Wednesday, November 20th, marked the end of formal sessions for the first half of the two-year 2013-2014 legislative session. The Legislature will meet in informal session through December, meaning it will only consider non-controversial matters. Formal legislative sessions will begin again in January. Legislative rules provide that any matter pending before the House and Senate carries over into the second annual session. That means any bill currently pending will continue to be an active bill through 2014.
When bills are filed at the beginning of the session they are docketed by the respective Clerks’ offices and assigned to a committee according to subject matter. Committee staff reviews the bills and develops a public hearing schedule. In the case of the Judiciary Committee, this requires agreeing to hearing topics and categorizing bills in a meaningful and efficient manner.
The Judiciary Committee is arguably the busiest non-budgetary committee as far as the number of legislative proposals that get assigned to it – 805 since January 2013. Hearings are known to last well past midnight on some occasions. Over the last eight months, the Judiciary Committee held seven public hearings covering the following categories of bills:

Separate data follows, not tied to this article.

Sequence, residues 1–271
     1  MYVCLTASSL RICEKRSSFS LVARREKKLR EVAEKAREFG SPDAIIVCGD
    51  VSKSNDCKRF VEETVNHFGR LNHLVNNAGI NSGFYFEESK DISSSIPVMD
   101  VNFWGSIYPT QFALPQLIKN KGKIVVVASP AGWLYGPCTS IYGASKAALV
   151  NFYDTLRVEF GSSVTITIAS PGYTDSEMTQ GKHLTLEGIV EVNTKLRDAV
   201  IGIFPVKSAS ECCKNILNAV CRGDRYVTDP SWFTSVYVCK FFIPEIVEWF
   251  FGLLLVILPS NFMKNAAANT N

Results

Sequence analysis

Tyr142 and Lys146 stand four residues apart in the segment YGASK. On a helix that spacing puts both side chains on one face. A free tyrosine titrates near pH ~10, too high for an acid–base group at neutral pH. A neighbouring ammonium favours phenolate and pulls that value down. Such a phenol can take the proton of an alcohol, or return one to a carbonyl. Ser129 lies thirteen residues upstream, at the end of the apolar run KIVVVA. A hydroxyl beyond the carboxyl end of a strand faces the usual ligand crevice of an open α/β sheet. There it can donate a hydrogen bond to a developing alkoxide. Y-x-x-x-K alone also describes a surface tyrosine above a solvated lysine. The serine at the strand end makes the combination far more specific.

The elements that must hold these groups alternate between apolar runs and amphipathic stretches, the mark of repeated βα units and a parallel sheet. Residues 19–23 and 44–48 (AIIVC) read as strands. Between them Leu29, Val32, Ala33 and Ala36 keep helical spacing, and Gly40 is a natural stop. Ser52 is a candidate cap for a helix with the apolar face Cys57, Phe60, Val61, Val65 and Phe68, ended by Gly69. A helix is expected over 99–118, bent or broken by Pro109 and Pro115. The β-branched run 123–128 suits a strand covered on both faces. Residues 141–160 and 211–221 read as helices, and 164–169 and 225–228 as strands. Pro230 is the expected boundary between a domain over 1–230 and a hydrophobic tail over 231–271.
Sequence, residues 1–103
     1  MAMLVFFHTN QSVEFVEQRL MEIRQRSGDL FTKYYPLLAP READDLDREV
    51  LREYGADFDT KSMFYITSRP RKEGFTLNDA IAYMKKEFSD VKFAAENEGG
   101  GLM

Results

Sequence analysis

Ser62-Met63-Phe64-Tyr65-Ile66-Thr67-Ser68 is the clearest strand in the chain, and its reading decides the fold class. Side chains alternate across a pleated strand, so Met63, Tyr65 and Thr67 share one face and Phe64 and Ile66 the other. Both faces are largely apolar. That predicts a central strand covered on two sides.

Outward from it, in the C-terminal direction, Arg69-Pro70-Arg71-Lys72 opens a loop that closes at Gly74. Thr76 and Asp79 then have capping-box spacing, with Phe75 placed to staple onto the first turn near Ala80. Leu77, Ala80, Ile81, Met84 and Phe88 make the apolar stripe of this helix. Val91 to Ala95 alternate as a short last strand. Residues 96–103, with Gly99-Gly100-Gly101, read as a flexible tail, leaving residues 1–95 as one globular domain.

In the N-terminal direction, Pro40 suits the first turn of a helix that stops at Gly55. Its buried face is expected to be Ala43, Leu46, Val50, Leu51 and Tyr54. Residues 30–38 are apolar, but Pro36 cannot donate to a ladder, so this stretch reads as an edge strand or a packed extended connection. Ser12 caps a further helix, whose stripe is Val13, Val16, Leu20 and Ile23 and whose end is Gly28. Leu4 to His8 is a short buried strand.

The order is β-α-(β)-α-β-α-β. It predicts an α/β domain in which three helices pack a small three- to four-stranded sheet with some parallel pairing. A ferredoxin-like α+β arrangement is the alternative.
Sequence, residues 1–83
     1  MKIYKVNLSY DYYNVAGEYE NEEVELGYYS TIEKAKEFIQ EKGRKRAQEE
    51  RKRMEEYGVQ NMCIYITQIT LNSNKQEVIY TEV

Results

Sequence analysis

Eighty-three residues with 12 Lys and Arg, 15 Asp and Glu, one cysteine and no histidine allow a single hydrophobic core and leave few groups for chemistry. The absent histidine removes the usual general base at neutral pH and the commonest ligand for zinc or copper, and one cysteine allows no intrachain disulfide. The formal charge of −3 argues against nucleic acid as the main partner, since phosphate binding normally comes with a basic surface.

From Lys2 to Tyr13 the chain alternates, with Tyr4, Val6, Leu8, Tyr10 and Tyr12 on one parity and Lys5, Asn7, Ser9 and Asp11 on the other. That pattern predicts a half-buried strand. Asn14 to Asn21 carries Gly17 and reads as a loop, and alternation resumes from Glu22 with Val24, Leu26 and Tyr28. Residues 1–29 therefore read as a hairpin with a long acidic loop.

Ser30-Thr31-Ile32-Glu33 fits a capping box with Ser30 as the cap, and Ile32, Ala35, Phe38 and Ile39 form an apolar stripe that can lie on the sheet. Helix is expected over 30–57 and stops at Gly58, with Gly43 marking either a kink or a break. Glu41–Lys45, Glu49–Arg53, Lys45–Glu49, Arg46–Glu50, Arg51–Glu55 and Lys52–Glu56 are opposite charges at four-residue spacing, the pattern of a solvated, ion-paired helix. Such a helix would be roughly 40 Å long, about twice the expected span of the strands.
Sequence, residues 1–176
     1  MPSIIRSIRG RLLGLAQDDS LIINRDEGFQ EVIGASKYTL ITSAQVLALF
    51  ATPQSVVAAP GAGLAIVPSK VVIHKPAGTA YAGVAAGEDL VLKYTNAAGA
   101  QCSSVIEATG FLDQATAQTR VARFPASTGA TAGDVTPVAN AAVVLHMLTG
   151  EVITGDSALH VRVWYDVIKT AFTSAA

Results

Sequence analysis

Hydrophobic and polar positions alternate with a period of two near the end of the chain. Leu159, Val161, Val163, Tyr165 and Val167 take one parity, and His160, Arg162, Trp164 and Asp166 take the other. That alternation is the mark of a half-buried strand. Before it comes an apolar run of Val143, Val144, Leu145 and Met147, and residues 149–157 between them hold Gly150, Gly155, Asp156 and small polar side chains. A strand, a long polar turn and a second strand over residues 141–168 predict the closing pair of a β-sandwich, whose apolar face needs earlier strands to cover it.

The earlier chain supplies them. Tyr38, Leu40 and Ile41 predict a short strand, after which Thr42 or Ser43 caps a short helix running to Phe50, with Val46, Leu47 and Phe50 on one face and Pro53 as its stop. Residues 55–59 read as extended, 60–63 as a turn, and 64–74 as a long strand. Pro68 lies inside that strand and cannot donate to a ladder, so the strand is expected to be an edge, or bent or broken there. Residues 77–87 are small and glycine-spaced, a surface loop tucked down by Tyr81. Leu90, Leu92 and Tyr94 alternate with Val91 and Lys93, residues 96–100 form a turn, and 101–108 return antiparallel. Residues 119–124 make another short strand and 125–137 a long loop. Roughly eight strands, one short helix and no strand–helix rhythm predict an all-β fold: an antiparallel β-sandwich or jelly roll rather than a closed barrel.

- Constitutional issues
- Sex offender bills and bills that would change any statute of limitation
- Real estate and property issues
- Criminal bills, privacy and restraining orders
- Motor vehicles and laws relative to operating under the influence
- Court Administration
We won’t hear about any upcoming Judiciary hearings for some time. In addition to the start of informal session, the current Senate Chair of the Judiciary Committee is simultaneously running for Congress. With less than three weeks to go before that special election, time will tell when the Judiciary Committee hearings will resume after the new year.
Right now, it’s unclear what will become of these bills, but we’re watching as always. Stay tuned to find out what happens next.
- Kathleen Joyce
Director of Government Relations
Boston Bar Association
Comments are disabled for this blog. To submit your comments please e-mail firstname.lastname@example.org